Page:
The Oculus Go headset is fine for casual home use, but we find that Pico offers a better solution for most business use-cases.
Best of Both Worlds
Standalone VR devices are not always limited to 3DoF tracking. The latest trend in VR hardware is standalone devices that offer full room-scale 6DoF motion tracking, which allows you to walk around in virtual environments. These devices are a cross between the 3-DoF standalone devices and the 6DoF PC-connected devices.
6-degrees of freedom tracking comprises rotational motion, like the 3DoF devices, but it also includes forward, backward, and side to side motion. 6-DoF also enables up and down motion, which allows you to perform physical action such as crouch or jump within a virtual environment. These devices also bring both of your hands into simulations so you can interact with virtual objects.
Oculus recently released the Oculus Quest headset, which is a self-contained standalone device that includes fully tracked motion controllers. The Quest is a great tool for training and educational experiences. It’s also the perfect solution for a portable training system.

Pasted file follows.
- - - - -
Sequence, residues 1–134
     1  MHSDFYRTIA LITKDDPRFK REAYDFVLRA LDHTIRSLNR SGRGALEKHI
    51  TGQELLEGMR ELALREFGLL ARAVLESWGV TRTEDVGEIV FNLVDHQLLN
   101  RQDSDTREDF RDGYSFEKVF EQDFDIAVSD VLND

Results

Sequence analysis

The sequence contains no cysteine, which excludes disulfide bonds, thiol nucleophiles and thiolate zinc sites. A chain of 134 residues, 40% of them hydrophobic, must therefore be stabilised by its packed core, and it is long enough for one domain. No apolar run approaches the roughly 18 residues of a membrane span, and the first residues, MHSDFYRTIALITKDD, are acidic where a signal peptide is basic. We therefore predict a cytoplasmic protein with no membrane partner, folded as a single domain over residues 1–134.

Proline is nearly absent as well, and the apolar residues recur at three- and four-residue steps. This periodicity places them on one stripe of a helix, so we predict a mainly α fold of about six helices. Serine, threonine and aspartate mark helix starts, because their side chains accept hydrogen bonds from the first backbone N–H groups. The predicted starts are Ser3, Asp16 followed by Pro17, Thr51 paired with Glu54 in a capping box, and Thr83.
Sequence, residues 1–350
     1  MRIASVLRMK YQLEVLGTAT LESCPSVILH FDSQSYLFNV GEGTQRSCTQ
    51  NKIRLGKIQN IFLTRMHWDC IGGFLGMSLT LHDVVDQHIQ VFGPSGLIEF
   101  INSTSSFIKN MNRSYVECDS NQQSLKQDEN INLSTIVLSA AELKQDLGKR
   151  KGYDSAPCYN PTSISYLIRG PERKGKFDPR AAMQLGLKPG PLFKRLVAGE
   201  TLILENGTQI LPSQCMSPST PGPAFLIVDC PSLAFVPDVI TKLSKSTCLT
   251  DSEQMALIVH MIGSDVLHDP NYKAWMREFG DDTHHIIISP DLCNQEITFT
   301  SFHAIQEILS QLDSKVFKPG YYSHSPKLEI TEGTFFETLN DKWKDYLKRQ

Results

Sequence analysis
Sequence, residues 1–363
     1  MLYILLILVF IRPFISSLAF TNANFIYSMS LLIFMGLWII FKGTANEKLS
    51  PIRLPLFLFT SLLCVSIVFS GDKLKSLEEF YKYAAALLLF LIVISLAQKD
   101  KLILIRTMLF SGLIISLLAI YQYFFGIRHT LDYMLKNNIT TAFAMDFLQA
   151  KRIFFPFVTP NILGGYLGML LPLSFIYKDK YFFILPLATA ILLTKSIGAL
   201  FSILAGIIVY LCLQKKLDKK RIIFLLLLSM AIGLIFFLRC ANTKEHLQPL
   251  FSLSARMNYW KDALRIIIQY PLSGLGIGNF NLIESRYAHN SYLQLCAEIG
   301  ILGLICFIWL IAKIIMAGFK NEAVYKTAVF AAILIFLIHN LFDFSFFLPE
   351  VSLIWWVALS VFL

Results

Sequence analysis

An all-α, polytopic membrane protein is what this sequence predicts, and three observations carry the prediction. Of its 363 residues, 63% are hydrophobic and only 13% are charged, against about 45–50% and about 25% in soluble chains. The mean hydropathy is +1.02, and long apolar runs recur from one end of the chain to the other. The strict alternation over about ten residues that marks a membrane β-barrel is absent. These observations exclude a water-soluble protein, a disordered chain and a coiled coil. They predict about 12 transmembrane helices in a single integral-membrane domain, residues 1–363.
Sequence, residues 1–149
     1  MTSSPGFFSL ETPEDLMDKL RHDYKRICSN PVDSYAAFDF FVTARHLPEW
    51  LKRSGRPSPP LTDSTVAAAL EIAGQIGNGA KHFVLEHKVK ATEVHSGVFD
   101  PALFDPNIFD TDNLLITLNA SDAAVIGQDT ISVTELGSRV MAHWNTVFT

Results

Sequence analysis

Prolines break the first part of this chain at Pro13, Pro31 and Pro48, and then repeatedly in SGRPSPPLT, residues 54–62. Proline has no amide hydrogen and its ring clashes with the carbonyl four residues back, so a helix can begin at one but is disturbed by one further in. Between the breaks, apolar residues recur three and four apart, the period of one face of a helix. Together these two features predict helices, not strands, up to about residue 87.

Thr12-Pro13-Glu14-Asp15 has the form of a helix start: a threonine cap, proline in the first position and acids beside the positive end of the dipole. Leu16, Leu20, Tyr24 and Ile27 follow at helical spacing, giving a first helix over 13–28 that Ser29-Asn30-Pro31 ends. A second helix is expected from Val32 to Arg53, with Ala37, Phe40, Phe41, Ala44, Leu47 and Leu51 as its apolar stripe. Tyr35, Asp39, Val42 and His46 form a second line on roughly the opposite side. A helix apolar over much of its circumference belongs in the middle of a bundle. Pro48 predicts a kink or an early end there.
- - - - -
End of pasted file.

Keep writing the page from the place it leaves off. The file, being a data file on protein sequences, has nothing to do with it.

Vive Focus Plus
HTC also offers a standalone 6-DoF headset called the Vive Focus, which offers similar features to the Oculus Quest. The Vive Focus comes in two variants: Vive Focus and Vive Focus Plus.
The Vive Focus is a 6-degrees of freedom headset that doesn’t include fully-tracked hand controllers. The Vive Focus Plus is the same headset with the addition of 6-DoF two motion controllers.
The Vive Focus Plus headset is somewhat more expensive than the Oculus Quest headset, but it includes a commercial license in the price and it offers a feature that allows you to control a full classroom worth of headsets from a central teacher hub, so you can use these for whole-class training solutions.